One of the things many have missed over the last 16 months or so in church life has been congregational, corporate singing. Initially it was because we were not able to gather, but now many churches are gathering "in person", but singing is still off the agenda, due to the way the coronavirus spreads. As a musician and someone who has led sung worship for more years than I would like to confess, I too miss the sound and feeling of a congregation passionately praising God in song. I think Eugene Peterson put it well: "Because God, and therefore the worship of God cannot be reduced to the rational, song has always been the basic act of worship. Music is not added to words to make them more pleasing; it is integral to the way words are being used as openings to the transcendent, as windows to the mystery, as joining in the dance of the Trinity" Some congregations are singing outside, others I'm sure are swerving the guidelines in different ways. But it does concern

Streaming might not be the answer

 As churches continue to wrestle with life as we (in the UK at least) move forward, looking beyond the Covid-19 pandemic, much of the narrative I hear still seems to be focused on returning to patterns not unlike life before March 2020. There is still much use of "going back" language, and for many leaders a desire to return to full rooms, or the nearest equivalent as soon as we can. Maybe because that feels like a form of validation, maybe because it is what we know. Linked to that is the rush to move in to streaming, acknowledging that not everyone will return, at least immediately, "in person". But I'm not sure streaming is the answer. To do it well is costly, both in terms of tech and equipment and people resources. I have seen too many poor quality streamed services! Plus it fails to recognise that what works for an online audience may not be the same as what works for those in the room. The danger is that those in the room end up watching what is effective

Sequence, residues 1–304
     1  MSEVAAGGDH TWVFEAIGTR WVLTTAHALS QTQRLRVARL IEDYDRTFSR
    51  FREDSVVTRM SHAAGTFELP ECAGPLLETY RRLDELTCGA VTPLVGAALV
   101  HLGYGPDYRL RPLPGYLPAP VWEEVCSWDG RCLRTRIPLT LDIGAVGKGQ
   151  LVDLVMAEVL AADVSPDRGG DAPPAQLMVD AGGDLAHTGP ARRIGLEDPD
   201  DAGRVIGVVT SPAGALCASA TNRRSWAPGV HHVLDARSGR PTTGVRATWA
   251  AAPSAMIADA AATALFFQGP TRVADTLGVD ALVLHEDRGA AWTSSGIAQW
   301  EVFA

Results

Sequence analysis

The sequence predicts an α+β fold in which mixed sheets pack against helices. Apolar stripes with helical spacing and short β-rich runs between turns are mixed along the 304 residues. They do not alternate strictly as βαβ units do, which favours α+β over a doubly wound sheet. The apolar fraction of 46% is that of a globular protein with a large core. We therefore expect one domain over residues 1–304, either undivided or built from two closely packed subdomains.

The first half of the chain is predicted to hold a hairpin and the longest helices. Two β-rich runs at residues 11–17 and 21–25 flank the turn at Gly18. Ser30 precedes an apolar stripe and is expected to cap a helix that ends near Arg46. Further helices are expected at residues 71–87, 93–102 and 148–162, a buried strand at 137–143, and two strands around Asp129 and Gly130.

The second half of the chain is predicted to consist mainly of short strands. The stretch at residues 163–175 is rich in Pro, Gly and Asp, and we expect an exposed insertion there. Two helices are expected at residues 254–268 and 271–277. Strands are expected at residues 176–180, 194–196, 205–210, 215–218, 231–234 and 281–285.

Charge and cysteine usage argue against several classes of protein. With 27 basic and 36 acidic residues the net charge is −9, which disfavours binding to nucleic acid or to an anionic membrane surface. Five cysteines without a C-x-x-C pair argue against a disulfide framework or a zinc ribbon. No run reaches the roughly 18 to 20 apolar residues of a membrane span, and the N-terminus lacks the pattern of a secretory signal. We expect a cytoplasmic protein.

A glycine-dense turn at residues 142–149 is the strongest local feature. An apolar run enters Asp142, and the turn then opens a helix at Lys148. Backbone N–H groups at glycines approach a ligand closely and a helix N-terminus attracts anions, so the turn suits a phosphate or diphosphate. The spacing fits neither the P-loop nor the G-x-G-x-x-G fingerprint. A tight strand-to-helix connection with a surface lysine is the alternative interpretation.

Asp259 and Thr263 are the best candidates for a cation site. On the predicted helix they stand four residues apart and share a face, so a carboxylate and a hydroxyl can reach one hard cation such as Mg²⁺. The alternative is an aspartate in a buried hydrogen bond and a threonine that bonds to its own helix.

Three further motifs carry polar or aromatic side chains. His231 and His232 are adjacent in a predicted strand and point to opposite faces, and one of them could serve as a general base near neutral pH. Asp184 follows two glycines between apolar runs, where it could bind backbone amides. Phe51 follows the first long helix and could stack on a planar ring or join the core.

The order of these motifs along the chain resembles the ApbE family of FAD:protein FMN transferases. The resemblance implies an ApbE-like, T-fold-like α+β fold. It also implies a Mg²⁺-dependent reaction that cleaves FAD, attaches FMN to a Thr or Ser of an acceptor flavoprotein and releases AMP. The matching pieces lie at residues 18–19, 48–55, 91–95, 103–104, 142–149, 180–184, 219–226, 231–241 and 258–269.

It used to be so simple: a good turnout to the Sunday service felt like things were going in the right direction. You could count how many people were there. A fuller turn out made the singing louder. This felt like "success". Of course we always said it was about more than "bums on pews", it's more than Sundays. But now we're back in England in "lockdown" and that reality kicks in again. What do we count now? Zoom log-ins? YouTube views? How do we now measure ministry "success"? And what impact does this new season have on leaders sense of self-idenity and worth? Maybe that is why some are keen to get back to their meetings and buildings... This from Brady Shearer raises some good persepctives: And "Beyond Vanity Metrics" from Carey Nieuwhof